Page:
No matter how you slice it, Value stocks are historically cheap compared to the past.

There have been numerous articles on this topic, such as Ryan’s post here, Larry Swedroe’s post here, and more recently, Cliff Asness’ post here.

Cliff’s post is one picture, shown below.(1)

Source: https://www.aqr.com/Insights/Perspectives/Thats-it-Thats-the-Blog

The image above shows the relative “cheapness” of Value using a value composite measure across multiple countries.(2)

What one notices is that there are three peaks around the following dates:

  1. Internet Bubble–12/31/1999.
  2. Global Financial Crisis–12/31/2008.
  3. Today–near the end of December 2021.

On our website, we also have a tool, our Visual Value Factors module, that allows individuals to see how cheap/expensive Value portfolios are on a variety of measures.(3)

So what does our tool say?

Similar results to AQR:

The U.S. EBIT/TEV since 1992 (light blue line):

Source: https://alphaarchitect.com/visualfactors/

The Developed International Value EBIT/TEV since 1992 (black line):

Source: https://alphaarchitect.com/visualfactors/

In summary, in both the U.S. market, as well as Developed International markets(4), Value is cheap relative to the past, with the same three peaks as AQR.

We find similar results using B/M and E/P measures.

Given this fact, a natural question I was asked last week during a meeting was the following, “After the last two times Value had a “peak” of the factor being cheap, how did value investing do the subsequent five years?”

A good question.

To answer that, we can examine how the top decile of Value stocks did in both the U.S. and international markets the five-year stretch after 12/31/1999 and 12/31/2008.

Value Investing from 1/1/2000-12/31/2004

We examine two Value portfolios in the U.S. markets:

  1. The top decile on EBIT/TEV from our Factor Database.
  2. The top decile on E/P from our Factor Database.

The starting universe in either the U.S. or international markets is the 1,500 largest stocks in each market. So the top decile is a portfolio of ~ 150 mid/large-cap stocks. For the main results, the portfolios are equal-weighted.(5)

Below are the returns against the S&P 500 index. All returns are gross of any fees or transaction costs. Our value portfolios here are equal-weighted.

1/1/2000-12/31/2004 U.S. market:

The results are hypothetical results and are NOT an indicator of future results and do NOT represent returns that any investor actually attained. Indexes are unmanaged and do not reflect management or trading fees, and one cannot invest directly in an index. Please see a list of descriptions and a list of disclosures here.

What about International markets?

Below we perform the same exercise against the MSCI EAFE index. All returns are gross of any fees or transaction costs. Our value portfolios here are equal-weighted.

1/1/2000-12/31/2004 developed international markets:

The results are hypothetical results and are NOT an indicator of future results and do NOT represent returns that any investor actually attained. Indexes are unmanaged and do not reflect management or trading fees, and one cannot invest directly in an index. Please see a list of descriptions and a list of disclosures here.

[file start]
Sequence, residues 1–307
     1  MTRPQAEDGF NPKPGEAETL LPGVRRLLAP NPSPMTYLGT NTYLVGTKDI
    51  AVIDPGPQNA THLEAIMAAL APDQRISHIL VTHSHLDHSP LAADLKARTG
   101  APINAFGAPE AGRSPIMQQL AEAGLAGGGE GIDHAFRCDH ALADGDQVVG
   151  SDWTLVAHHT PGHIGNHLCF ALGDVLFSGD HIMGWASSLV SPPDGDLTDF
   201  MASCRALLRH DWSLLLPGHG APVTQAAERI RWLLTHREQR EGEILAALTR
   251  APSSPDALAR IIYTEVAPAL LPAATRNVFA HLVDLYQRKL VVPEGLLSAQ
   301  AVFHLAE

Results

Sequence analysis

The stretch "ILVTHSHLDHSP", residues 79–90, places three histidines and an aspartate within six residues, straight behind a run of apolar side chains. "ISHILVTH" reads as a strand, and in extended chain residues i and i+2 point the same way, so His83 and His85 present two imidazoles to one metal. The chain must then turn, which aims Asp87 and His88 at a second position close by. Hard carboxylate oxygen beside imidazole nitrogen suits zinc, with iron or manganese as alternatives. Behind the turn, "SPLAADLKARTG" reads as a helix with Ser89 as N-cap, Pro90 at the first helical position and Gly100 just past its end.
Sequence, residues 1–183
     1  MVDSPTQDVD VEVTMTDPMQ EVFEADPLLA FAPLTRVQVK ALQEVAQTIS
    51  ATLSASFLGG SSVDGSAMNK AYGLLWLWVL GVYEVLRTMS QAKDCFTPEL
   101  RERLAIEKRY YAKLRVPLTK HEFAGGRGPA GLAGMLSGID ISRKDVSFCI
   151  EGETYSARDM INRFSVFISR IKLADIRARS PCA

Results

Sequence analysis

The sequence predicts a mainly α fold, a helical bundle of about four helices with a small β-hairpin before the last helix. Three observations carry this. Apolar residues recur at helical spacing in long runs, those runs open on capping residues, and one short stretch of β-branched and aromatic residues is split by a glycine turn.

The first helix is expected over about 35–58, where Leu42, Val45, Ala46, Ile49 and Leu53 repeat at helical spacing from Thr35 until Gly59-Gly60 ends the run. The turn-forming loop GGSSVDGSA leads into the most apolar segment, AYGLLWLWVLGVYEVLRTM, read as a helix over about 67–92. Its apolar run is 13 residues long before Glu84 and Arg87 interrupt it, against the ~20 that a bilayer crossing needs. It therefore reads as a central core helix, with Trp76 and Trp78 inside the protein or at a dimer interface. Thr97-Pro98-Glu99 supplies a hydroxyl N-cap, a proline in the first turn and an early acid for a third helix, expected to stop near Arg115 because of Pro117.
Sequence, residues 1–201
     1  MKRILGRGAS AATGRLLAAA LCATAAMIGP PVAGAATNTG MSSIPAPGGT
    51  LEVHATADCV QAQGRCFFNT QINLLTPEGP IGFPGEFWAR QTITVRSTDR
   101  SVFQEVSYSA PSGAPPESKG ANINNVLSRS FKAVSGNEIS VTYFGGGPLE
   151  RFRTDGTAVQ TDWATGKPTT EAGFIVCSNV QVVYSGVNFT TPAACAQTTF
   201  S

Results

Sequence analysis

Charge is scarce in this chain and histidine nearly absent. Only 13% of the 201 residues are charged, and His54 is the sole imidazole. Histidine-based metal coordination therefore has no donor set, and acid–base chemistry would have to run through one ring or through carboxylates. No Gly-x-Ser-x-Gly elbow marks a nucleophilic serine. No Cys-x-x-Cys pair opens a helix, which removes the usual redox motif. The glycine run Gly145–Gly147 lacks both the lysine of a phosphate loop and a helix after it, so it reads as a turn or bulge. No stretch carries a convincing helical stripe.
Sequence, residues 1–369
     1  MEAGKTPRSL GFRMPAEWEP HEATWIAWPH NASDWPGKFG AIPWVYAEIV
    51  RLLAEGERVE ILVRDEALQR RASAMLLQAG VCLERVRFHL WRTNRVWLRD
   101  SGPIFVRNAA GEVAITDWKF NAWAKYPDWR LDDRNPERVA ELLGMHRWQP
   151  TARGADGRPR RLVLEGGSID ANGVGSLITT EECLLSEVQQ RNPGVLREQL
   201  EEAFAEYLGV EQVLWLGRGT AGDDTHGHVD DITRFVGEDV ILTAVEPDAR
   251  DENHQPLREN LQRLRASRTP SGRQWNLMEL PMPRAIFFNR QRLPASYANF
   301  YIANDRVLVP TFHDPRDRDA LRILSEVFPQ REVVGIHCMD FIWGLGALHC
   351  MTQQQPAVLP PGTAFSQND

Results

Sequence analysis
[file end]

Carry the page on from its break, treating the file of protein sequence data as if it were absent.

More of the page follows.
In both the U.S. and developed international markets, the five-year stretch after the Internet bubble was a boon for Value investors. The U.S. outperformance was around 30% annualized for 5 years! In international markets, the outperformance was around 23% annualized over 5 years!(6)

So let’s move onto the next valuation peak–12/31/2008.

Value Investing from 1/1/2009-12/31/2013

We perform the same analysis over a new five-year stretch.

1/1/2009-12/31/2013 U.S. market:

The results are hypothetical results and are NOT an indicator of future results and do NOT represent returns that any investor actually attained. Indexes are unmanaged and do not reflect management or trading fees, and one cannot invest directly in an index. Please see a list of descriptions and a list of disclosures here.

1/1/2009-12/31/2013 developed international markets:

The results are hypothetical results and are NOT an indicator of future results and do NOT represent returns that any investor actually attained. Indexes are unmanaged and do not reflect management or trading fees, and one cannot invest directly in an index. Please see a list of descriptions and a list of disclosures here.

Overall, the conclusions are the same–the five-year stretch after the valuation peak was another good time to be a value investor. Not nearly as good as after the 1999 peak, but the relative outperformance was around 13% annualized in the U.S. and 8% annualized in international markets!(7)

Conclusions

As shown above, in the past two instances of a valuation peak in Value portfolios, the next five-year stretch was a good time to be a value investor. However, as we all know, history is not a perfect indicator of the future and it is difficult to time the valuation “peak” and it can go on for years at a time. For example, Value has been relatively cheap the last 2+ years, only to lose to the market and growth investing.

With the caveats that no one can predict the future, this article outlines how Value Investing did after the prior two valuation peaks.


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